Columbia County, N.Y.–Columbia County Health Officials put out a warning after a fox attacked and bit a boy in Stockport on January the 23rd.
According to Columbia County Public Health Sanitarian Ed Coons, two eight-year-olds were playing in the woods when they came across a fox den. When the boys saw a fox they turned around and ran. The boy in the rear fell and the fox bit him in the leg deep enough to warrant post exposure rabies treatment; a series of 4 shots given over a 14 day period intra-muscularly in the upper arm. The shots used to be administered every day for a 21 day period into the abdominal muscles. The fox was not caught so officials could not be sure if it was rabid.
“Though you should not live your life in fear, be aware of your surroundings,” warns Coons. “Most of the wild terrestrial animals are nocturnal; feed at night, and the attack occurred at 9:00 a.m., so seeing them out in the day is cause for alarm at this time of the year.”
On January 25th, a dog was attacked by a raccoon in a residential neighborhood in Elizaville. The dog owner responded by trying to pull the raccoon off of the dog and was scratched during the scuffle. Another neighbor grabbed a rake and hit the raccoon killing it. The raccoon tested positive for rabies. Without knowing if the man was scratched by the raccoon or the dog, the man needed to receive post rabies treatment, according to Coons. The dog was not up to date on it’s shots so it needed treatment and to be quarantined for 6 months.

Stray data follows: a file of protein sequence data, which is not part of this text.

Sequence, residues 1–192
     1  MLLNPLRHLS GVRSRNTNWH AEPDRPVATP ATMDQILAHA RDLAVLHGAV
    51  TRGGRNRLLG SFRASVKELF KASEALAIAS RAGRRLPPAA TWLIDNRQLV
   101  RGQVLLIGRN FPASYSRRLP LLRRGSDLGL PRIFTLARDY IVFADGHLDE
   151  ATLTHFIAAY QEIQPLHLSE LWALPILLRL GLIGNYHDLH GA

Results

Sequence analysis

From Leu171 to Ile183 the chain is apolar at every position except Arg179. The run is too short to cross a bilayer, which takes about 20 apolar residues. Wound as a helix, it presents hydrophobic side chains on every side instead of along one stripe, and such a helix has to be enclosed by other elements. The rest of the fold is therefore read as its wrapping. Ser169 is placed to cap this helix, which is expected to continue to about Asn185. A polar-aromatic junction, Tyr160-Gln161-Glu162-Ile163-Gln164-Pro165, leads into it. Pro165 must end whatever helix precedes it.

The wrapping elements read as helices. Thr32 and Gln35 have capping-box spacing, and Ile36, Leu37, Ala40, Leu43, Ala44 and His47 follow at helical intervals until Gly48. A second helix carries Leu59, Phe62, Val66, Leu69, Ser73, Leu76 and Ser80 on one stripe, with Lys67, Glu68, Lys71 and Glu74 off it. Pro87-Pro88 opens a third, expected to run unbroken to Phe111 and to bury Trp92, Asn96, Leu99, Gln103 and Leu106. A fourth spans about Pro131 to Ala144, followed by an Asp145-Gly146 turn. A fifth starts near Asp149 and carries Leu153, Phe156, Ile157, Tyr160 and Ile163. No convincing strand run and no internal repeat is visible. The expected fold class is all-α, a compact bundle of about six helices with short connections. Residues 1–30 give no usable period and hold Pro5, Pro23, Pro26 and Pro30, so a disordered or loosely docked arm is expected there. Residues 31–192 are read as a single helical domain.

“Having two incidents within a three day period is very rare,” says Coons, “this is breeding season.”
Coons describes another incident involving a rabid skunk: “There was an incident that occurred a few years back where a dog in kennel was attacked by a rabid skunk that actually climbed the 6 foot tall chain link fence to go after the dog.” News10 asked, “Was the skunk going after the dog?” “Yes…the animal was shedding the virus and seeking to bite to keep the virus going…once they become clinical they no longer eat or drink and just look to bite,” says Coons.
The 2010 Rabies Clinics are beginning in March and they are free to Columbia County residents, according to Coons, who offers this advice, “Keep you pet’s vaccinations current, especially since there free.”